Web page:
How safe is your IT job? And for people like me living in the DC area, does living here make your job any more secure?

There's been lots of rumors and out-right lay-offs in the past month or so, and lots of them in the IT industry. Here's some titles from today's news: IBM employees buzzing about layoff rumors, Microsoft layoff rumors continue their swirl, Bay Biz Buzz: Logitech joins local layoff parade, Widgetmaker Clearspring makes cuts, Lenovo denies rumors of layoff plan, LiveJournal Makes Deep Personnel Cuts, Chelmsford's Kronos cuts jobs, . . . do I need to continue? And that's just TODAY's news! It's hard to think about IBM and Microsoft thinking of laying off folks. I've always thought of them as the most solid of the IT area.

I'll be honest, about a year ago or less I was thinking about switching to a non-government type job. No, I'm not a government employee, but I'm the next best thing. I'm a government contractor, also known in this area as a "Beltway Bandit" or "Parkway Patriot" (my personal favorite). But working as a government contractor does not make my job much more secure. Let me give a pre-recession example.

I've worked for the same company for over three years now. The first contract I worked on was as a lead software development engineer (read project manager) for an online database for the Air Force. Due to several issues (none of them my fault or the fault of my company or coworkers) the customer asked that I be removed from the contract. This should have been the first sign of a problem, because the customer had no issue with me or my work, we were just "overspending the budget" for the contract. So what do you do when money is tight? Get rid of the most expensive person on the team you hired. It doesn't matter that without a team lead the rest of the team needs to pick up the management slack that I was keeping them isolated from. OK, so now you have developers doing their normal job and the management and demonstration aspects of the project. Another warning sign. Three months later our next option year on the contract was not exercised; we (as a team and as a company) were fired.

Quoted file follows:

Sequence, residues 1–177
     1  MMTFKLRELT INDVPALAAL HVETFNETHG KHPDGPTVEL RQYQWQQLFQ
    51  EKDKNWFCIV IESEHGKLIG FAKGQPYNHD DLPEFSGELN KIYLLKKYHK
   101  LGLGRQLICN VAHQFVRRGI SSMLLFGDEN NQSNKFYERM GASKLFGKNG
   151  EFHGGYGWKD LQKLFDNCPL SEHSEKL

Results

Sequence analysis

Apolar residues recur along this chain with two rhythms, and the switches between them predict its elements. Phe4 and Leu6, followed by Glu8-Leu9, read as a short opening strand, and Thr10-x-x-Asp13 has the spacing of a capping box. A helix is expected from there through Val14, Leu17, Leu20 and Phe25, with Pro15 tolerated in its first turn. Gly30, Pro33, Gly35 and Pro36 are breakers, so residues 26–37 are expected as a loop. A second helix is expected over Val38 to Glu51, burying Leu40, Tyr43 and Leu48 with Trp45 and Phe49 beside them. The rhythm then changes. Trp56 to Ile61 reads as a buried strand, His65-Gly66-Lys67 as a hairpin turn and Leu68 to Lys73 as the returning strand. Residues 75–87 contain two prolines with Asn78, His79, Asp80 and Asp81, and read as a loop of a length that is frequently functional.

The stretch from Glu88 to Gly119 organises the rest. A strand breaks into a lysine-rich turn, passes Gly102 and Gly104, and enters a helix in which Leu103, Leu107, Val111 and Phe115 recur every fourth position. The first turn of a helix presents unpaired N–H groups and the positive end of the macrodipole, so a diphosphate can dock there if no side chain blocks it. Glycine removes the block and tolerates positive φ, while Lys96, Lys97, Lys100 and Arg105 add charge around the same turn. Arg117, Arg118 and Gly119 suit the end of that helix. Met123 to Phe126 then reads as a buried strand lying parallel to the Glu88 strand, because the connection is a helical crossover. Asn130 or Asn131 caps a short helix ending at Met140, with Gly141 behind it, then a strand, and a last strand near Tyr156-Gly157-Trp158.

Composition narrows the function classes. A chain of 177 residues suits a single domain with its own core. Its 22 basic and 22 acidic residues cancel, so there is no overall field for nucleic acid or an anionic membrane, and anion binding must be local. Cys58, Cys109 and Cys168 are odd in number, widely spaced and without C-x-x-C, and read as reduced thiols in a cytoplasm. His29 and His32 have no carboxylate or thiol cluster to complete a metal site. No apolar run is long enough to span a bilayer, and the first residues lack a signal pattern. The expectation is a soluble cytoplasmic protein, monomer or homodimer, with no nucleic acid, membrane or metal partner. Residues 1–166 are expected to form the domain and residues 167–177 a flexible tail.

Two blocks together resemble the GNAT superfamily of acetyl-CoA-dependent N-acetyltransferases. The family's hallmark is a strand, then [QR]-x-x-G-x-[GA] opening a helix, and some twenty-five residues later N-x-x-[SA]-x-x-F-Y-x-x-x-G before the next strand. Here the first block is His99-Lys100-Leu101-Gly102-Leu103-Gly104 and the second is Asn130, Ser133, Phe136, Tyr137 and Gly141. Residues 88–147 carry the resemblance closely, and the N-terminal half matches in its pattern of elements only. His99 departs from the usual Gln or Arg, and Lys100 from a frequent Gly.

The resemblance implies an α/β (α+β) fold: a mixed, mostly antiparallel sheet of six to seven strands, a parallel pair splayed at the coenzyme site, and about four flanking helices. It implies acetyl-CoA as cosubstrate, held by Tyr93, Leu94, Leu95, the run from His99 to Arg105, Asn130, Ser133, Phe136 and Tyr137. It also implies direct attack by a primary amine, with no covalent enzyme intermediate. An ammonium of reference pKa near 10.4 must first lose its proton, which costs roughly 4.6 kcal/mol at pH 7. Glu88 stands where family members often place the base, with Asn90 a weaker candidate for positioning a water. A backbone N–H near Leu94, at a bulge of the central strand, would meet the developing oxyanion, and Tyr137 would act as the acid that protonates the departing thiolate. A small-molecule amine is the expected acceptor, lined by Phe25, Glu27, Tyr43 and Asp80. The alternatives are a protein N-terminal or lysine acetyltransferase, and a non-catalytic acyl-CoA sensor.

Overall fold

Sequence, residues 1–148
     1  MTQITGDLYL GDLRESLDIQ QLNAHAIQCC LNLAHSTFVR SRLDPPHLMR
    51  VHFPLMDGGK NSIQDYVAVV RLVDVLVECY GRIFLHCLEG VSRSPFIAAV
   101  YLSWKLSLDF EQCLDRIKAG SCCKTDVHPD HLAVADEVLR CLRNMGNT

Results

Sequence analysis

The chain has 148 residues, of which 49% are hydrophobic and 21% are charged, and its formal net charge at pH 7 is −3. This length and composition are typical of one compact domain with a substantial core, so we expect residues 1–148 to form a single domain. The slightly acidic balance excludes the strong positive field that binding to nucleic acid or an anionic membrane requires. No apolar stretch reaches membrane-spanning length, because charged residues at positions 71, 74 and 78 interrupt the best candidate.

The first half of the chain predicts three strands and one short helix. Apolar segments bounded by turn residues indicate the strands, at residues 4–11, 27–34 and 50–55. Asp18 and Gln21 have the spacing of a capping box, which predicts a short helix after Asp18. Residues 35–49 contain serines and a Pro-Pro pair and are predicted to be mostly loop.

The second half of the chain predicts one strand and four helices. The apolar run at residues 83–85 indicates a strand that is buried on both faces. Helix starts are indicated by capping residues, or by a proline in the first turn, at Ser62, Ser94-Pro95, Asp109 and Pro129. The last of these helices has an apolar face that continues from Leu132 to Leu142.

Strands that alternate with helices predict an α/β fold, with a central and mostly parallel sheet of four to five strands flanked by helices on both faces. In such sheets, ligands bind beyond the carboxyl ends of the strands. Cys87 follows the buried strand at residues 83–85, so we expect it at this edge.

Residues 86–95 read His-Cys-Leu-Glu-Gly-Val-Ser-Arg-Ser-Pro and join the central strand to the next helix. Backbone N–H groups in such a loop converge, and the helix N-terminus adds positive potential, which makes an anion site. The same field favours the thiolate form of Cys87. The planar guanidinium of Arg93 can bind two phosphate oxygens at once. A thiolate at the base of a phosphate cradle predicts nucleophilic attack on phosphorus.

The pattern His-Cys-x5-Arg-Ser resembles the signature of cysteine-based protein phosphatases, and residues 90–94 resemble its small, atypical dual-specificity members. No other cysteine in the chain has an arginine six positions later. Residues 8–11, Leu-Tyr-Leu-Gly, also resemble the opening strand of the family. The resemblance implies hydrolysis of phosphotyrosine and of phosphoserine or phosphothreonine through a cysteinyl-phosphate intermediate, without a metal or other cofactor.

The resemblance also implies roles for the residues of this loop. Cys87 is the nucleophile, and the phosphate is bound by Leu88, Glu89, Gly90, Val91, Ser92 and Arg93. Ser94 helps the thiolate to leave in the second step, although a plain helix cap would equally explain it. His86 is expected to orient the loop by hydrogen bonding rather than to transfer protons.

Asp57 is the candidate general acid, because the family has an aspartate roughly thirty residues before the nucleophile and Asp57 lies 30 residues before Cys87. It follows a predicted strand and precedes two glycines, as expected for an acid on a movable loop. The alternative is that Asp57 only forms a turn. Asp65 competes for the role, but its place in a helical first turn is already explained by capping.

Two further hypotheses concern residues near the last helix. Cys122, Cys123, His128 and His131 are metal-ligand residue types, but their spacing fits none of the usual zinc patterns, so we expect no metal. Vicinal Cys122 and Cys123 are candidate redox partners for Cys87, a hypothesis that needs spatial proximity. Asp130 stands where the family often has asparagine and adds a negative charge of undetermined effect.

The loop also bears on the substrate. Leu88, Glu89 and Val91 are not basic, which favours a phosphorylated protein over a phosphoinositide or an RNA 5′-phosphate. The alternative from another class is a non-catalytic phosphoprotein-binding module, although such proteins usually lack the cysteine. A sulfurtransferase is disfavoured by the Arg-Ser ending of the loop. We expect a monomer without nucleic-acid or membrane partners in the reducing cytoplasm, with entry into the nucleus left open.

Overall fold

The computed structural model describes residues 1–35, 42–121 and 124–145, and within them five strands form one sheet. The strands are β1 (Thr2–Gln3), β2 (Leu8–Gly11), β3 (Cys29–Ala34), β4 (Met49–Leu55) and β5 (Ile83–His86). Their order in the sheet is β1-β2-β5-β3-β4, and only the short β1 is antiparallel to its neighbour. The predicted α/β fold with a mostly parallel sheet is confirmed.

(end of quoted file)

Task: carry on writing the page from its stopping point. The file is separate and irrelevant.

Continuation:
Now, understand that this contract expiration did not affect me directly (it did affect my company, as we lost several really good people because of this, and I'm still burning a little inside from it). When I was removed from the contract, my company had fortuitously gotten a new contract working in a different part of the same branch of the service. That's when I started in my current position. I've been there coming up on two years now, and every time a contract comes up for annual review I get nervous. The military is spending so much money supporting the war that there is very little money left to pay for contracted efforts that need to be done. Why does the military need so many contractors? Because the government has told them they can only have so many people (many times less than there used to be) but they (the service) need to continue to do everything they used to do. Do more with less by "working smarter, not harder". Yeah, right. As a contractor, I can only work 40 hours a week. There's no overtime on my contract. That's good for me. But I feel bad when I get up and walk out at the "end of the day" and the military and civilian folks are still there, sometimes until 9:00 pm at night.

I really didn't want this to become a dissertation on what's wrong in the military services today. What I'm saying is, in answer to my question, I would say that government jobs in the DC metro area and federal government jobs in general are safe; for now. To be honest, I don't have a good feeling about the next few years. (Heck, I don't have a good feeling about the next few weeks, but that's another story). I don't know what the answer is. I really haven't figured out what the question is! I just know that money is tight everywhere right now, and soon the government will start to feel the pinch. You can only print so much money until it is so devalued that it's useless.

I remember back in 1987 the Air Force sent me to Sicily for a month. Our team decided to go out for pizza (what else would you get in Sicily!). When the meal was over, the bill came to over 120,000 Lira! I looked at it and my jaw hit the table. I'd never seen that many zeros on a restaurant check before. 120,000 Lira! Good Lord! That must be an outrageous amount of dollars! Actually, it came out to about $10 each for the eight of us. Over time, the Lira had become so devalued that you paid rent in the millions.

I don't want to paint a bleak picture of the next few years. We don't know what the future will bring. Right now, there seems to be an economic security bubble over the DC metro area (I heard today we're only up to about 3% unemployment in northern Virginia). However, don't let your guard down. Anything can happen.